Read here and ask for more safety when you drive your motorcycle!
Whenever we decide to upgrade our bike we want to have more performance, new exhaust system and more engine power, but we do not think that then we must stop the bike with all that power.
Today we will see what are the most important parameters in a brake system: braking power, modulation and fatigue.
When we brake decisively with the front brake, on the front wheel there is a load of about 40% of rider and motorcycle weight. The friction between the front wheel and the asphalt depends proportionally on the load on the front wheel. So, if we brake decisively when the load is only 40% of the total weight, the front wheel can be blocked. In this case, the braking limit is given by the grip of the tire on the ground. The friction at this time will be quite low, because we did not give time to the fork to compress. If we give time to the fork to compress, part of the load at the rear will move to the front.
If we brake more progressively instead, after the first impulse on the brake lever, the load transfer will increase the load on the front wheel and it will limit the possibility of locking the wheel, making possible a much greater total deceleration.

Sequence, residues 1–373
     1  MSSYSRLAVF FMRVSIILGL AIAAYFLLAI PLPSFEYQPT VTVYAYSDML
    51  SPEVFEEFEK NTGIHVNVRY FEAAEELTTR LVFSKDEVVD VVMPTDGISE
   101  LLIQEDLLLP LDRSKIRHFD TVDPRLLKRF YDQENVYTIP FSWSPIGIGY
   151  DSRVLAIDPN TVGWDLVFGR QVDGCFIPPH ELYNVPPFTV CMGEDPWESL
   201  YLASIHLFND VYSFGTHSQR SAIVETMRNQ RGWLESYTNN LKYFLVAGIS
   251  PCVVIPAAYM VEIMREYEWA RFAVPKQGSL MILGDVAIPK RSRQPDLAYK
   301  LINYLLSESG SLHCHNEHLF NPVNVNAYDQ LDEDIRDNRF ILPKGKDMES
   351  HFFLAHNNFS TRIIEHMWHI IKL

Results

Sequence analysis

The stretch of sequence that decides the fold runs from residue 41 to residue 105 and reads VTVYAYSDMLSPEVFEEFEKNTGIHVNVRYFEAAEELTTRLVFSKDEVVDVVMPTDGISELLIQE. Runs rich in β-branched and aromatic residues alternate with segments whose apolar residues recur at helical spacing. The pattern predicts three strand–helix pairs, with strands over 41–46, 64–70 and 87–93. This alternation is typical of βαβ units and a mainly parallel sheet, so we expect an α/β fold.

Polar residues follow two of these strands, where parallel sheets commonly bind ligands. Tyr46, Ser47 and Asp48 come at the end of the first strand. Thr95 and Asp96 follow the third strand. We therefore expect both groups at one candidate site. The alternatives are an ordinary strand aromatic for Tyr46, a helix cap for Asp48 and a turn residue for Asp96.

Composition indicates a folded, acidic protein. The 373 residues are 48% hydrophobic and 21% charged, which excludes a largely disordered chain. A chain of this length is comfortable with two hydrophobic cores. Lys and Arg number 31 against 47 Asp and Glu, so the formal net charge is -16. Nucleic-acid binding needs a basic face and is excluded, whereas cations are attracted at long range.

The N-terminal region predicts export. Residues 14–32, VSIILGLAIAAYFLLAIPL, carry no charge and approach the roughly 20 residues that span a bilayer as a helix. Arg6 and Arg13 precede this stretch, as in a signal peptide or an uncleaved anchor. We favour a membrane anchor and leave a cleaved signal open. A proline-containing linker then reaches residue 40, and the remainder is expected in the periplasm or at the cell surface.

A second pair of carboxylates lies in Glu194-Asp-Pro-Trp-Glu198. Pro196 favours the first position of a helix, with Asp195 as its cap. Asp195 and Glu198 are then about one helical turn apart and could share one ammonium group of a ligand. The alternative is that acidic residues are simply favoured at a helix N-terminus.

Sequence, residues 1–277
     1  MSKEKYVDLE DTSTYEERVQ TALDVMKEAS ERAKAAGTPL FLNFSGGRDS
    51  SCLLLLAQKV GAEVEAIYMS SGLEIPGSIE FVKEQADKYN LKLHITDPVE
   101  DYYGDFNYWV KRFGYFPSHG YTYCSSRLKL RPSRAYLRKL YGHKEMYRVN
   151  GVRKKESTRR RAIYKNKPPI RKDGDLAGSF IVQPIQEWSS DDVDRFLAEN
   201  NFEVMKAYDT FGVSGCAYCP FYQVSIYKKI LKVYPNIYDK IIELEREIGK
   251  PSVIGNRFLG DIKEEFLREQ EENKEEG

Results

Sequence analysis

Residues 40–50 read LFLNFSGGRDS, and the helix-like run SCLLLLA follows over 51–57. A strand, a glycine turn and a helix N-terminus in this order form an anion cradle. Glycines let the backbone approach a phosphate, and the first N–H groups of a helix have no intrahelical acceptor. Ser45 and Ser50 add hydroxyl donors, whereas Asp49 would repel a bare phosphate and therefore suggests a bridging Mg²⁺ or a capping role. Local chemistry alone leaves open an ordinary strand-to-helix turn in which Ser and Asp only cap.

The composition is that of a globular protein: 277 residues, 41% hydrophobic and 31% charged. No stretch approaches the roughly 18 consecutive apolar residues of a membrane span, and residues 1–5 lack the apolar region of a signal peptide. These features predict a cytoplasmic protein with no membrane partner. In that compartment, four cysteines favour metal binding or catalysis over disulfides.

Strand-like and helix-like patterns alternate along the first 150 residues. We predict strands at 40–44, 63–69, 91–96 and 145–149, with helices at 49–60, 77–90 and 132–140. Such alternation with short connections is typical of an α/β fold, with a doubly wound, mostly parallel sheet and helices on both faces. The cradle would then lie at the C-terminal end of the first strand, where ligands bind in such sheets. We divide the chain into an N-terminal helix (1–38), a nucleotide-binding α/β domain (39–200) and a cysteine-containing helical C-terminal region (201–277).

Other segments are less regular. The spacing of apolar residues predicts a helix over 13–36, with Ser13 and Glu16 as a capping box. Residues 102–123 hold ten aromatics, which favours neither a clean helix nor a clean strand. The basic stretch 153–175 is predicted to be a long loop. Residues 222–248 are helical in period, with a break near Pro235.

The new brake system for Harley Davidson XG Street Rod allows a less abrupt attack and gradually increases its braking power.
The brake calipers are made by Brembo, a leading company in the sector, and consists of 4 braking calipers pistons, which then replaces the dual pistons system featured as standard in the XG Street Rod. Using a 4-braking calipers pistons it is possible to have a greater useful diameter of the braking band, as you can see in the drawing:
In this drawing you can see that a more external surface of the braking band is involved in the slowing down of the front wheel. Using these calipers, with the same size of the disc and with the same force applied to the brake lever, the wheel can slow down more decisively.
To explain this behavior, we have to think of the wheel as a large disk that advances with a certain inertia.
To slow down the wheel you need a braking torque.
The torque capacity of a brake rotor can be expressed as 𝑇 = 𝜇 ∗ 𝐹 ∗ 𝑟
where 𝜇 is the coefficient of friction, F is force on each pad and r is the mean radius that is the distance between the center of the wheel and the center of the pad.
With four braking calipers pistons it is possible to obtain the same original friction surface moving in a larger diameter, as shown in the drawing. With this solution we are able to slow down the wheel more effectively at the same pressure on the brake lever.
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